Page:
The Fed is supposed to minimize unemployment as well as inflation, and before 1979, it tried to achieve some sort of balance between the two goals. But under Volcker and his successor, Alan Greenspan, it's simply aimed for low inflation, regardless of the effect that has on jobs. In fact, Greenspan has asked Congress to relieve the Fed of responsibility for keeping unemployment down. Inflation was high when Volcker took over-13% or so. To get it under control, he tightened the money supply. This brought on a monster recession, the biggest since World War II. Within a year, the prime rate shot up to the unheard-of level of 21.5% (compared to an average of 7.6% for the fourteen previous years). Unemployment peaked at just under 11%. According to author Robert Sherrill, Volcker stated, upon taking office, that "the standard of living for the average American has to decline." Sherrill says Volcker was recommended by David Rockefeller because "Wall Street and the international banking fraternity loved [Volcker]. They hated inflation-bankers don't like to be repaid in money that is softer than the money they lend, even if the softer money makes the economy hum-and they knew that Volcker was mean enough to destroy the economy to save the hardness of their dollars."

[-] 1 points by shadz66 (19985) 1 year ago

"US 'Fifty Wealthiest Lawmakers' list ; A Congress of the rich, by the rich, and for the rich", by Eric London :

The above attests to how 'The Corporate Capture of The U$A' is enabled and why so little ever really changes, especially re. Banking / Fed, Reform.

ad iudicium ...

[-] 1 points by freewriterguy (882) 1 year ago

i dont think it was the feds that supported the banks, but the politicians, and goldman sach, and lehman brothers, and AIG, all sold obama a lemon at a "behind closed doors congressional meeting" remember ? But the message is still important. There was talk of nationwide "martial law" on the following monday if there wasnt a bail out agreement made in those behind closed doors. I dont think our government should have the authority to put the country under "martial law" as an enforcement, or blackmail of our representatives. A more specific address to the problem I think.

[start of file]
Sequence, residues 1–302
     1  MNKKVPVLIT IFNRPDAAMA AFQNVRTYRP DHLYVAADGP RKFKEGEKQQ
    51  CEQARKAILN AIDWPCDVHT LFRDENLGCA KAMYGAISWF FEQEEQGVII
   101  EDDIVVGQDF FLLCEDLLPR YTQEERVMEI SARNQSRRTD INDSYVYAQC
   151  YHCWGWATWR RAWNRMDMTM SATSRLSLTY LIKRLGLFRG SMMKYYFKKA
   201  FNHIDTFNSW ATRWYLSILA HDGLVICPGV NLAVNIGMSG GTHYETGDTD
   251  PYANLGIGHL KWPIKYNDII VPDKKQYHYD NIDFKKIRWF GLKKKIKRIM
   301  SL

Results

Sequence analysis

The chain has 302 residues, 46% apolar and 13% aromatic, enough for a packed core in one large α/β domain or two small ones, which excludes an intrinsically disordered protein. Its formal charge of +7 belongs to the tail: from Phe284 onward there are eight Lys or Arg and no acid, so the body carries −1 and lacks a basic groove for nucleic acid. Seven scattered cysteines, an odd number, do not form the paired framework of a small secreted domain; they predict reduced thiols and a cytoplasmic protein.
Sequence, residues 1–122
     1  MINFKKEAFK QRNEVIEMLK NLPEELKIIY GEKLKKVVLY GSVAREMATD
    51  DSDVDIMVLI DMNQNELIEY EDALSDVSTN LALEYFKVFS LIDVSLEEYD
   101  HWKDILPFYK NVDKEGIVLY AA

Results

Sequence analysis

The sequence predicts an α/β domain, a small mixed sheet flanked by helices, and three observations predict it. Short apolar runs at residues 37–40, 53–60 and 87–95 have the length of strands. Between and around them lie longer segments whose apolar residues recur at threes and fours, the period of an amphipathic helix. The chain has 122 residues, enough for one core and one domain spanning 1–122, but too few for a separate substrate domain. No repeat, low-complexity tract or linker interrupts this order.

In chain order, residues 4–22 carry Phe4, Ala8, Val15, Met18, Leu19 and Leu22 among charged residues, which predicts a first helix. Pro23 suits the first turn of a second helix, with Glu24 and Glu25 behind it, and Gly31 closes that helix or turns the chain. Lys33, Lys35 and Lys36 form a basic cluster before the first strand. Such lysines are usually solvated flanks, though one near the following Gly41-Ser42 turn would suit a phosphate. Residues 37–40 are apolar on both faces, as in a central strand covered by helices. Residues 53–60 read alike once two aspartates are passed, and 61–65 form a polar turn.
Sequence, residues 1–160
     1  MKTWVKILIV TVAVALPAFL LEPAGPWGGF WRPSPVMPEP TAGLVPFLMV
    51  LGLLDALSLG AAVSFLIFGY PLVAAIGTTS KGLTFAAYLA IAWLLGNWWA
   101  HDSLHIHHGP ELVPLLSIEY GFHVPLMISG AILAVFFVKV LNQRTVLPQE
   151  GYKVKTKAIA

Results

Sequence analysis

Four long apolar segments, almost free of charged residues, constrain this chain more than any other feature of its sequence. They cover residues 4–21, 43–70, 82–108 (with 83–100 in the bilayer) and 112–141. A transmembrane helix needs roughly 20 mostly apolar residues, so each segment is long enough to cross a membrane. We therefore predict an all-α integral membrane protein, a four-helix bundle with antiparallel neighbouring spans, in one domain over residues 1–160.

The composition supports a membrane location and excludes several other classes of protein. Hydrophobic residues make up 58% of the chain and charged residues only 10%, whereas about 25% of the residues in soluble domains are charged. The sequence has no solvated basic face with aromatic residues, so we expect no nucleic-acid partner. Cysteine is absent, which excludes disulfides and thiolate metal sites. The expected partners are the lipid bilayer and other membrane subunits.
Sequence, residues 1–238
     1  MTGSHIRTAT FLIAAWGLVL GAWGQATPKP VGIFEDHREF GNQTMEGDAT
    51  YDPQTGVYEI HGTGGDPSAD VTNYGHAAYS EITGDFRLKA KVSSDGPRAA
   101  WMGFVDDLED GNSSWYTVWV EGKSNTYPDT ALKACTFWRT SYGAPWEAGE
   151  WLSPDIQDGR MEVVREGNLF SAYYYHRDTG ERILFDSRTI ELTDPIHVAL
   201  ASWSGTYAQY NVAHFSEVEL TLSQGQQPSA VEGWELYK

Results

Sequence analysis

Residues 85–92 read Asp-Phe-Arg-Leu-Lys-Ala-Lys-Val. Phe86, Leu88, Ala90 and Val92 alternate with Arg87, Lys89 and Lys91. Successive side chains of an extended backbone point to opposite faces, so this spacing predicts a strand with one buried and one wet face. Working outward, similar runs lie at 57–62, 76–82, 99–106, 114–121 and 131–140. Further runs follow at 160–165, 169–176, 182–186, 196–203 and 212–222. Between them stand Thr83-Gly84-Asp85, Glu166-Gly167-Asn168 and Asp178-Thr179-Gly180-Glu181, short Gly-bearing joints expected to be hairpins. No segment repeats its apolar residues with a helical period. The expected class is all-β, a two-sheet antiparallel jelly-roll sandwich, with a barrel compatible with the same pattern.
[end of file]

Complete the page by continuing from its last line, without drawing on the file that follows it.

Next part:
another point is if the fed is abolished, in favor of a government run bank own by we the people. couldnt our government live off the interest gained, and no longer need to double and triple tax the people???

[-] 1 points by BradB (2693) from Washington, DC 1 year ago

The Fed does not call the shots... The Treasury has the last say... the Fed only makes the suggestions....they are a privately owned Bank (edited: originally I said "think tank").... but in recent times the Treasury does whatever the Fed says.... that's the REAL problem...

[-] 2 points by flip (6866) 1 year ago

the real problem is lack of democracy

[-] 1 points by notaneoliberal (2269) 1 year ago

Much of what affects the economy is beyond the control or the purview of the Fed. The Fed has no say in the installment of most of the Neoliberal policies that have been instituted in the last few decades.

[-] 2 points by flip (6866) 1 year ago

true - that is the implication of his last sentence - no? "changing the Fed—changing how the U.S. economy is controlled—is a part of the larger struggle to change power in the United States so that it is in the hands of most people instead of the very few."

[-] 1 points by notaneoliberal (2269) 1 year ago

Yes, we agree.

[-] 1 points by flip (6866) 1 year ago

wow - thanks for a very short but reasonable dialogue - i guess the reasonable ones are often short

[-] 1 points by kaiserw (211) 1 year ago

The Fed by supplying money, creates the perverse incentives. In criminal investigations, it has a specific term, criminalistic system or incentives or something. The idea is that if you put strong enough incentives out there, a good percentage of normal people will act on it.

Have you ever heard of root cause analysis?

In many system failures, the catalyst is laid blame, i.e. the last truck to drive over a bridge before it collapses, the lightning strike that started the mega forest fire. etc. Where instead, the problem has numerous causes, largely quite long term in nature.

Glass Stegal - yes, that was stupid, but that was it's own catalyst among many, it goes much deeper than that. The bailouts of the 1970s (lockheed martin, GM etc), government picking winners and losers, but alas, it's still deeper. It starts at the foundation, that's the monetary system, the rule of law, and the fed.

[-] 1 points by MattLHolck (16833) from San Diego, CA 1 year ago

the FED loan money to specific aristocrats

that turn and loan that money multiple times at higher interest to the people

thus we have a debtor economy

[-] 1 points by shadz66 (19985) 1 year ago

Occupy Banking !!! Good Post 'flip' !! Reclaim 'The Fed' from The Banksters & for The 99% !

radix omnium malorum est cupiditas ...